San Francisco and the military played an early role in the events that would lead to the Exposition. The USS Oregon was built and launched from San Francisco shipyards in 1893. The Oregon was quickly called into service against Spain in the Atlantic. She was forced to make the long journey around South America to Florida. She played a crucial role in drawing attention to the problem of having a navy separated by a large continent. This spurred the decision to construct a waterway which would join the US Navy-the Panama Canal. Later, The Oregon would be present in the bay waters to watch over the exposition.
The Military Role
The Panama Pacific International Exposition’s main grounds were to be located on the Harbor View mudflats-which is now the Marina. It would be flanked by Fort Mason and the Presidio reservation, both of which were property of the US military. The planners wanted to include these lands in the expo. As part of the plans, an exposition building would be built on Fort Mason to be used later as a main post and any improvements to the Presidio would be left for the benefit of the military. Secretary of War General Dickinson found the proposal unfavorable and refused the request. However, he soon resigned his position. The incoming secretary and the Committee of Military Affairs granted the use.
Once the location was mapped exhaustively, work could begin. The mudflats were filled by dredging the bay. It took one hundred and forty seven days to complete. Over one million cubic yards of the bay was pumped in to the flats to create the ground that the exposition would sit on. Once construction was complete, the Exposition occupied six hundred and thirty five acres.
The military’s presence at the exposition was ubiquitous. If there was a ceremony, a building to be dedicated or an event being held, you can be sure it was preceded with a military parade. The infantry, cavalry and military bands all participated. The military took the opportunity the fair presented to display some of their might to the fair goers. They would demonstrate the coastal defenses by exploding submarine mines and firing off the coast artillery for spectators. These displays were made the more impressive and important given the escalation of war in Europe hanging on the minds of the world. The war prevented the exposition’s plans for a grand International Military Tournament, which would have been a considerable display.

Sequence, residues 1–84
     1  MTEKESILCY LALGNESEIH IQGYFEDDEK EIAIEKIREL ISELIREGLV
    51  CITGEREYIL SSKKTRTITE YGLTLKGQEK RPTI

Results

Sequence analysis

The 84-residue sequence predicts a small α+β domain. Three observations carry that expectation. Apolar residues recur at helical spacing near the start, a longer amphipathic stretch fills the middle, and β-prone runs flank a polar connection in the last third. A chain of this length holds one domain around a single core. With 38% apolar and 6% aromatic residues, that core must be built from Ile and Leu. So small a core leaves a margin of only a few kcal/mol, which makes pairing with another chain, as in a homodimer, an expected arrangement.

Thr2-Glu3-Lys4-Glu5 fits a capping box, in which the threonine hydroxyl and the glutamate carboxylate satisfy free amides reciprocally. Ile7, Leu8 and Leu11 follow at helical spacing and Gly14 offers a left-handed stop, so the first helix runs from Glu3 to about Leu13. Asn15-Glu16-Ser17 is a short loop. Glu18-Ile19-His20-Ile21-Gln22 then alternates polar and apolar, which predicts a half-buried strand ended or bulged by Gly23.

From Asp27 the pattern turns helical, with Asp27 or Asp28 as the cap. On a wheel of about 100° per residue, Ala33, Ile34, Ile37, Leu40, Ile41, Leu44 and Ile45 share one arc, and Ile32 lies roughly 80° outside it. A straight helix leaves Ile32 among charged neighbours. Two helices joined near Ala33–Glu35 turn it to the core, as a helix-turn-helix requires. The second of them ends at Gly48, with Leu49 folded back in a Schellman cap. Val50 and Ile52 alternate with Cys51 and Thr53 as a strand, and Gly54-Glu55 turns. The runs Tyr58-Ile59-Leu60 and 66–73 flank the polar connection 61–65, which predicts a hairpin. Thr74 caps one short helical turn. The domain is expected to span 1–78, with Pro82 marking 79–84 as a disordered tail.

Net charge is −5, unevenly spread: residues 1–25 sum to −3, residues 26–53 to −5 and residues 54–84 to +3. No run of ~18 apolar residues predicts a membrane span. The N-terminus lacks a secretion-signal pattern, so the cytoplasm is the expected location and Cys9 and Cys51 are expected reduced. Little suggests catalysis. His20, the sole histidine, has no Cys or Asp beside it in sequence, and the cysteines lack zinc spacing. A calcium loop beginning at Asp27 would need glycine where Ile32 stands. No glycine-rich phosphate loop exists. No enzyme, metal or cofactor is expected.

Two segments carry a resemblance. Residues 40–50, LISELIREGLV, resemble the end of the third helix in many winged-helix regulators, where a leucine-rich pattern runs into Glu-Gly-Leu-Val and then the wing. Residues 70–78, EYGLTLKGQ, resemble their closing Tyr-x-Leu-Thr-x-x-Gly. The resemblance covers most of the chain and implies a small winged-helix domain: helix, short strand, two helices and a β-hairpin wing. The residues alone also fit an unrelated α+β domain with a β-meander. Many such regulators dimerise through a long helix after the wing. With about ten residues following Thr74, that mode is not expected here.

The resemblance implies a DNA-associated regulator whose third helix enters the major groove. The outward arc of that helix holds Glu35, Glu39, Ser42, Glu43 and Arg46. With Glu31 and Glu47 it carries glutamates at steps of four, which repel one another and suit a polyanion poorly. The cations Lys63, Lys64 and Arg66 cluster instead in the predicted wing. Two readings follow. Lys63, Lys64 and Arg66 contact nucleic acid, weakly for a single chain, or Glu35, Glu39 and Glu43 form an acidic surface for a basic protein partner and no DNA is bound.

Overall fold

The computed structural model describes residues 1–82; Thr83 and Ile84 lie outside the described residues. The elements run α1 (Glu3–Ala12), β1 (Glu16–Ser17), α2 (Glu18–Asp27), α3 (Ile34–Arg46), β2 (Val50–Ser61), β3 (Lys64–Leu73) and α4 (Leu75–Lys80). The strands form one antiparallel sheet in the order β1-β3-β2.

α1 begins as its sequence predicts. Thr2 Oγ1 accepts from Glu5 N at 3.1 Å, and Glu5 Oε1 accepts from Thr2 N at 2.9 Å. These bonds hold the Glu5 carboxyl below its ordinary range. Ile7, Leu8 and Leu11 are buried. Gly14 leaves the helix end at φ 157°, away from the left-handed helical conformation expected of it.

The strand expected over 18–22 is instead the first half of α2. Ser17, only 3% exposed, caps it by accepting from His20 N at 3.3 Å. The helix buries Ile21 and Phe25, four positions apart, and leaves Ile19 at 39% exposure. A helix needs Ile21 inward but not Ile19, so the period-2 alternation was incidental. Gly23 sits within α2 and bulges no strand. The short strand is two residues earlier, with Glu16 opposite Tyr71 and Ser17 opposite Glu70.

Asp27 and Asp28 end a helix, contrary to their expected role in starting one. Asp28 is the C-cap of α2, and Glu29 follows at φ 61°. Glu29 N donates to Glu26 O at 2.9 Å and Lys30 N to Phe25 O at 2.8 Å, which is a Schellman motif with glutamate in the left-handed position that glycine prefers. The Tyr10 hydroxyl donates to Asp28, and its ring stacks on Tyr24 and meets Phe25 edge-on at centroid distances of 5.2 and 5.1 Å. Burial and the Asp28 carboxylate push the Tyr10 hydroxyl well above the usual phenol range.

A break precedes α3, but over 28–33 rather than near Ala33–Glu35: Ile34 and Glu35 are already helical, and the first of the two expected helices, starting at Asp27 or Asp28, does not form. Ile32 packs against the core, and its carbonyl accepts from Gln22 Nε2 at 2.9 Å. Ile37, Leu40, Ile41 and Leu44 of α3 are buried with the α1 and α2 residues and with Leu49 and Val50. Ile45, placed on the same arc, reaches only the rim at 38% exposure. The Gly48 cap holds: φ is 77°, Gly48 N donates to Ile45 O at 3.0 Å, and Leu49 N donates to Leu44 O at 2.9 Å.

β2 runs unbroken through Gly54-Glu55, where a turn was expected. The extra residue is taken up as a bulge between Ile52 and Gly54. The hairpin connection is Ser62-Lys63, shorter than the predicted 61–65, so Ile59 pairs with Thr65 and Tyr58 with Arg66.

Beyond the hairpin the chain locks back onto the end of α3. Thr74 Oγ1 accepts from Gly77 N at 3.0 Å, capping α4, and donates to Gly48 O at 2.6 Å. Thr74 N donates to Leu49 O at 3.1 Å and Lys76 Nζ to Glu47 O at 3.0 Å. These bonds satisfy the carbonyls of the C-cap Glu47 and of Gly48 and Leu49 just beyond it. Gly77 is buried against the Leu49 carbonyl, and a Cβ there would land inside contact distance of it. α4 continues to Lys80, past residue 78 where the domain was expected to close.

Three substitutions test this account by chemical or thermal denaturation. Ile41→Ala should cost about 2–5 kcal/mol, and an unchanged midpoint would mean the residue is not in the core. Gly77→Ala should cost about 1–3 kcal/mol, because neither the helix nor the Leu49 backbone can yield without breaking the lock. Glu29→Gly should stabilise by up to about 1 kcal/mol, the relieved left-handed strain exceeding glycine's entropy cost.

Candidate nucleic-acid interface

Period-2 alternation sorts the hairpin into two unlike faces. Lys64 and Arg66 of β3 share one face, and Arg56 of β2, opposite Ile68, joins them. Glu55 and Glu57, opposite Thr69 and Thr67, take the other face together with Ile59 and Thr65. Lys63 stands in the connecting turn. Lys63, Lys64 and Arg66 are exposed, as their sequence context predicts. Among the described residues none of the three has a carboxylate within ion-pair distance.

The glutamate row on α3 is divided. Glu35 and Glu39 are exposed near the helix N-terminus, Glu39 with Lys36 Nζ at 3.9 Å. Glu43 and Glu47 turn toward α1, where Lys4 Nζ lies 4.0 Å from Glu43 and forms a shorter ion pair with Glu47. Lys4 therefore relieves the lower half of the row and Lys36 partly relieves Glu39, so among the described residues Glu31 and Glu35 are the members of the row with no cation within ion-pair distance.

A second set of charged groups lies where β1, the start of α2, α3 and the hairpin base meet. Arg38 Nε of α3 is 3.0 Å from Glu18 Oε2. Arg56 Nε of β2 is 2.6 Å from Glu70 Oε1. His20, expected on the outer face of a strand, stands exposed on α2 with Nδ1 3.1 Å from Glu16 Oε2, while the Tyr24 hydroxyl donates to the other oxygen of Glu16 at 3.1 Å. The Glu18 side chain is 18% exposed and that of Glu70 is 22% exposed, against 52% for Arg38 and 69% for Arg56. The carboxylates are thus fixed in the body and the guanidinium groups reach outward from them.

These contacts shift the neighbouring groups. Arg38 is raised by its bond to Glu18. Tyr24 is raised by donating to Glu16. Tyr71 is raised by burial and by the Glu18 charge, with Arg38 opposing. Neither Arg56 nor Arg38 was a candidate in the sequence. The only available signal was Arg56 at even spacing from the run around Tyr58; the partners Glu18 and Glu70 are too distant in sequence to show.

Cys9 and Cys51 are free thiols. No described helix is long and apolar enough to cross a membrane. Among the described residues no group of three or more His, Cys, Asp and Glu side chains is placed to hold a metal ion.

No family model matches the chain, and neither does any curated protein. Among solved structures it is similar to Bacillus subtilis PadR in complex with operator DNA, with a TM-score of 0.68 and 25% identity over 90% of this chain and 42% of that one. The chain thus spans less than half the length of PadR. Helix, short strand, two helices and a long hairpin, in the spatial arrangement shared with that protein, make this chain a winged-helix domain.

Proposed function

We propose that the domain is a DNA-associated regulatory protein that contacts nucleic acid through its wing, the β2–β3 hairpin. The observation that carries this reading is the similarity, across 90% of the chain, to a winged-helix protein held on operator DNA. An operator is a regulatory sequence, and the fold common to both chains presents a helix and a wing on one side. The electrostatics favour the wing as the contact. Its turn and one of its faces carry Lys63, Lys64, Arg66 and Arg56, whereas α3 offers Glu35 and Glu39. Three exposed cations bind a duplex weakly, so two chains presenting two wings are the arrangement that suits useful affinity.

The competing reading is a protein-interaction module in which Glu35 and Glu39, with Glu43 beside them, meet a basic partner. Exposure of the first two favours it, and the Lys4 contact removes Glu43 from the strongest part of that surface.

An Enlisted Men’s Club House was constructed on the Avenue of Nations to accommodate the thousands of enlisted working, living and visiting the Expo. It included a lunge, reading room, restaurant, billiards, movie theatre and mailroom. All enlisted were admitted free of charge. After the Exposition, the facility was donated to the military and moved onto the Presidio ground to serve as the Army and Navy Y.M.C.A. A warehouse at the end of The Zone on Van Ness Street was fitted up as a barracks, which could house over 1,000 troops at a time to accommodate the vast numbers visiting the fair.
The Marines assembled a model camp just west of the state buildings which served to educate the public and included: tents, a mess hall, a barber shop, bath houses, a mess hall, kitchen and military hospital. The marines participated in running the expo. They were selected to run the Scintillator, which was a series of searchlights of various color, used to illuminate the fair, the Tower of Jewels and the night sky.
As the fair drew to a close the Marines and all military numbers began to dwindle with their departures. A crew from the Yerba Buena Island Naval Training Station took up residence and served to fill the roles vacated by the departed. They even saw a bit of action on closing day. With crowds clambering to get into the final day of action they eventually became too much for the gates to handle. Some merriment seekers began to push against the vehicle entrance gate. For fear that it may collapse and allow the throngs to enter uncounted and fees uncollected (ruining the fair’s impeccable record), they sent for the trainees. They set up a line just in time. The gate fell and the mass moved in to find them standing rifles in hand. This was all it took. The visitors backed up and the trainees advanced until the gate was cleared and restored.
A single person could have spent 24 hours a day at the expo - every day the expo was open - and still not have seen it all...
Visit the Exposition Palaces where the world showcased their very best
Head west of the main exposition grounds to visit the State Buildings
Take a tour of the world as you walk along the Avenue of Nations and view the Foreign Pavilions
The Presidio has a long military history. See how the Military's Role shaped the expo.
Visit the most sensational sixty five acres at the exposition along The "Joy" Zone
Aviators, athletes and drivers competed during the year of the exposition in many types of Sports and Athletics
For More Information:
To see more photos and maps, please visit the Panama-Pacific International Exhibition home page.
To learn more about the events leading up to the fair, visit Prologue to the Panama-Pacific International Exhibition.
To learn about the legacy of the Panama-Pacific International Exhibition and its impact on San Francisco, please visit The Legacy of the Panama-Pacific International Exhibition.
Last updated: February 28, 2015